Hii, I am a home user of the Workstation install of Rocky Linux and use it just as my main personal computer.
So I am not a Linux systems or server administrator. I imagine the intended audience for Rocky Linux is commercial server / hosting companies. I am not in that intended audience but I hope you dont mind me asking what I think is a dumb question, but because of its importance, I have to ask.
I tried searching for this and cannot seem to find an answer or a good way to find out.
Does the Workstation / Desktop version of the install include a server which runs in the background?
I don’t need this to run and would think it is a serious security issue to be running a server on my desktop personal computer - ie the server could be hacked into and people could access my files…
Thanks ahead of time…
Many things will run in the background, some could be called “servers”.
The important thing is to look at the roles at installation time, and decide which components you want (or don’t want). You can also look at the roles by listing DNF groups. e.g.
dnf group list
dnf group info "<group name here>"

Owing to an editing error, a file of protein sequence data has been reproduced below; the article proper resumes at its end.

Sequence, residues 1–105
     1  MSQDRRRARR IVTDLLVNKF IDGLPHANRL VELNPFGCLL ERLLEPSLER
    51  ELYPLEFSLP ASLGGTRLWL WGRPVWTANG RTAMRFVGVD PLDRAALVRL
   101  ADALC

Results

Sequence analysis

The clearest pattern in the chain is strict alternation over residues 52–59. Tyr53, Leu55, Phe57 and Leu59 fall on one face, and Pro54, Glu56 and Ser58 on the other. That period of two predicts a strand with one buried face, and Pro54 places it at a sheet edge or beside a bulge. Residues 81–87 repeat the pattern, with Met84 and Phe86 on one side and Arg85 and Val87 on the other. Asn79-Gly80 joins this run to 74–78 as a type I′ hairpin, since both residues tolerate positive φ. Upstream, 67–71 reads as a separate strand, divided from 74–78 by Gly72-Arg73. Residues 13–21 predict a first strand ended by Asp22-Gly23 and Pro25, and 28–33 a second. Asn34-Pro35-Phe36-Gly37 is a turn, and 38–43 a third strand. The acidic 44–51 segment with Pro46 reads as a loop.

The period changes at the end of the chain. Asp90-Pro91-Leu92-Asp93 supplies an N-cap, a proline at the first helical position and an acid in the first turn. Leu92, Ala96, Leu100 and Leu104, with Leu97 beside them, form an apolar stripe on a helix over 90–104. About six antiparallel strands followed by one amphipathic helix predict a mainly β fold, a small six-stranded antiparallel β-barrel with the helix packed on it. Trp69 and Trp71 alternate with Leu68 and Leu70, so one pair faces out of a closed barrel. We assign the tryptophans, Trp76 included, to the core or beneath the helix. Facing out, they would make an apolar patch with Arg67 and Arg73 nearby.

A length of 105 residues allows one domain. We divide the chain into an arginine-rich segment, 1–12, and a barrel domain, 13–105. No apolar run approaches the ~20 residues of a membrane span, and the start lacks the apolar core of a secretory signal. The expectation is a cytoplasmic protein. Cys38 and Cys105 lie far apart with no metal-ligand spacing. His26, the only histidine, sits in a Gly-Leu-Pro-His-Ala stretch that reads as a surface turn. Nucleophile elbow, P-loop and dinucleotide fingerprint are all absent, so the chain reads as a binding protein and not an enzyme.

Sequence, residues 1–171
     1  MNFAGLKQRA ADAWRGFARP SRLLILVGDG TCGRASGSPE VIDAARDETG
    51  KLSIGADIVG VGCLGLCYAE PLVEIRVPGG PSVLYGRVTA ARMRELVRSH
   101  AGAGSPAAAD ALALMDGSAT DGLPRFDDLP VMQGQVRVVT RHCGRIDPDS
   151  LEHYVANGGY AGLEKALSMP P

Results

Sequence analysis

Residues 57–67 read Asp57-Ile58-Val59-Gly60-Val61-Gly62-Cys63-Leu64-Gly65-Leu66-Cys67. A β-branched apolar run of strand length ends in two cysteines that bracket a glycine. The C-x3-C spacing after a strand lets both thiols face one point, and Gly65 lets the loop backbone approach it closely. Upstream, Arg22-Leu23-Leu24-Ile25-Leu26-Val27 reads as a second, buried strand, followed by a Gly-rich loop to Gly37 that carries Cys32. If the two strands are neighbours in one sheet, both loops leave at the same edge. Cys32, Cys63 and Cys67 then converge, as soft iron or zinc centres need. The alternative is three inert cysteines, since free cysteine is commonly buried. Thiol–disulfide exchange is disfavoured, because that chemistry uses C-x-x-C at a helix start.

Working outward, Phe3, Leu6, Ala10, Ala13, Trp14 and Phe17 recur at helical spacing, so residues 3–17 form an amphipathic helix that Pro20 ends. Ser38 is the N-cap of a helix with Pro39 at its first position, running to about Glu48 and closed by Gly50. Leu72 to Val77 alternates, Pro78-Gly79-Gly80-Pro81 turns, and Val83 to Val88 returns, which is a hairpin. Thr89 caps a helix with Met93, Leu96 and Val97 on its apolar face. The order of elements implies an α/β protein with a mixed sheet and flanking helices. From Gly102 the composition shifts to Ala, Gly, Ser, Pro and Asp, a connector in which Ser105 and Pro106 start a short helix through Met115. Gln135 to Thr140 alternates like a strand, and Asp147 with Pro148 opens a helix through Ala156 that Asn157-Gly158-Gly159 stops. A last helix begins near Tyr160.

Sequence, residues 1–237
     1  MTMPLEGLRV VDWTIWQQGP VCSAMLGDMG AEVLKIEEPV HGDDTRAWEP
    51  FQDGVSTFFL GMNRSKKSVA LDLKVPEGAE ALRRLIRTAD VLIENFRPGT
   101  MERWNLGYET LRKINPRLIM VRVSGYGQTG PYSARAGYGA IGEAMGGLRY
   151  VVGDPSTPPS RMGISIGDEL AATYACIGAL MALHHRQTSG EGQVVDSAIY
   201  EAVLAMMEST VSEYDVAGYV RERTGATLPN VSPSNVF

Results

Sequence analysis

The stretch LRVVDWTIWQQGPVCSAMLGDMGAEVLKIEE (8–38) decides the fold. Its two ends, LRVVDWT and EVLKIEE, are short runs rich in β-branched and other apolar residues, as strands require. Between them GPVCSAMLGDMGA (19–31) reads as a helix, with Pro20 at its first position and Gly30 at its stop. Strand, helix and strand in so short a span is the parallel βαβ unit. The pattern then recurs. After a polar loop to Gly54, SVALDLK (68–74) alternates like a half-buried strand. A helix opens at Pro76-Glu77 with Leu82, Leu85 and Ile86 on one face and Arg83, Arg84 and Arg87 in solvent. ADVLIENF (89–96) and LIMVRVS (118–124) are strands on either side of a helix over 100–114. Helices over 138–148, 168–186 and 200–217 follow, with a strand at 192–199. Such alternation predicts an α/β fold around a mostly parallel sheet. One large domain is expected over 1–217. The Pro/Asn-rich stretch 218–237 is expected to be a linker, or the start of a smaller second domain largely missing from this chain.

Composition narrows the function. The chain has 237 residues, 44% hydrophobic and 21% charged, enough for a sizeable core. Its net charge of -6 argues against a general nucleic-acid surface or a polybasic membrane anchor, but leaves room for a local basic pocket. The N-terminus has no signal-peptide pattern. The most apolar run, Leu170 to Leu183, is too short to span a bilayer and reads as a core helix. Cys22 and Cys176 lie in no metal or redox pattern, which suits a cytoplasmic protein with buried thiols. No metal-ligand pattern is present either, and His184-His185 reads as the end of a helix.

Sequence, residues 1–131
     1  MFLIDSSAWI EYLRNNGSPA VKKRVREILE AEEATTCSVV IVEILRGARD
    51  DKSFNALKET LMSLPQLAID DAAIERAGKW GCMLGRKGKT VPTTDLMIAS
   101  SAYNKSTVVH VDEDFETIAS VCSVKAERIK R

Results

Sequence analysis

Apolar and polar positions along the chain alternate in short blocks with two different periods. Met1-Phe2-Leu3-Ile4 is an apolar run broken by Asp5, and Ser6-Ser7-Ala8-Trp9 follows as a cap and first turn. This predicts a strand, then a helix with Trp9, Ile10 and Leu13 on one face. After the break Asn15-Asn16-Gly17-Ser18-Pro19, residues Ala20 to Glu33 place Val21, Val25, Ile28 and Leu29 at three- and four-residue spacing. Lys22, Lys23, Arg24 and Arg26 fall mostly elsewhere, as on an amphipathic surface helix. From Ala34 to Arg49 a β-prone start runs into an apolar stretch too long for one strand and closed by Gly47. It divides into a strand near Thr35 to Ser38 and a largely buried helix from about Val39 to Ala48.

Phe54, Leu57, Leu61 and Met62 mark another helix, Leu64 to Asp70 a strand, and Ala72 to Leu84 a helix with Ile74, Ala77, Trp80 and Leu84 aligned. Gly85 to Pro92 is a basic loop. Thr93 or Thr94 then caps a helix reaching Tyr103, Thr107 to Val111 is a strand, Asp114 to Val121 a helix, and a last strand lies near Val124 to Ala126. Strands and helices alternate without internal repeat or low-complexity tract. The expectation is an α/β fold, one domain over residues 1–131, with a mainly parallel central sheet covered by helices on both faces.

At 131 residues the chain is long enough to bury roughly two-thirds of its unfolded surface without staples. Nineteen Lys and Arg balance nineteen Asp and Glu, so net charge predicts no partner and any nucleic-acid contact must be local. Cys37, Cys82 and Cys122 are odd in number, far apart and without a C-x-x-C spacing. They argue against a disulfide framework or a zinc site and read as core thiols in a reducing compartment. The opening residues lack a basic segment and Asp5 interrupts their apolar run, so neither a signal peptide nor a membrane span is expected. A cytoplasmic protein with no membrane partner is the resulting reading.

you can start off with a minimal install, but there are many dependencies. The groups help to ensure you have everything you need for a specific role.
If you do install any servers, you can leave them blocked by the firewall, so only localhost can access them.
I bet there is at least one “server” that is installed by default because it is in group ‘Core’ that is mandatory even for the “Minimal Install”. The server – or more properly “service” – is
sshd.service. You can connect to the machine from outside with ssh client.
Some OS might not enable sshd by default, and you can disable it, if you don’t need it. There are services that, if disabled, render the system unusable. (Been there, done that.) As said, a service might be there only to serve the localmachine; firewall (set up by another service) can block access from outside.
The “Workstation”, “Server with GUI”, “Minimal Install” – dnf Environment Groups – are simply bit different lists of packages to install. Convenience. You can add and remove packages.
Thanks very much for taking the time to respond and let me know about services like sshd.service - I will dig into it…
Thanks for the info - I will go thru the commands you listed - this is a good starting point for me to learn more about things and set things up safely…
it would be good also to know more about linux there are a good documentation to learn even if you just started to enter the linux world
check this one https://docs.rockylinux.org/
and have a nice day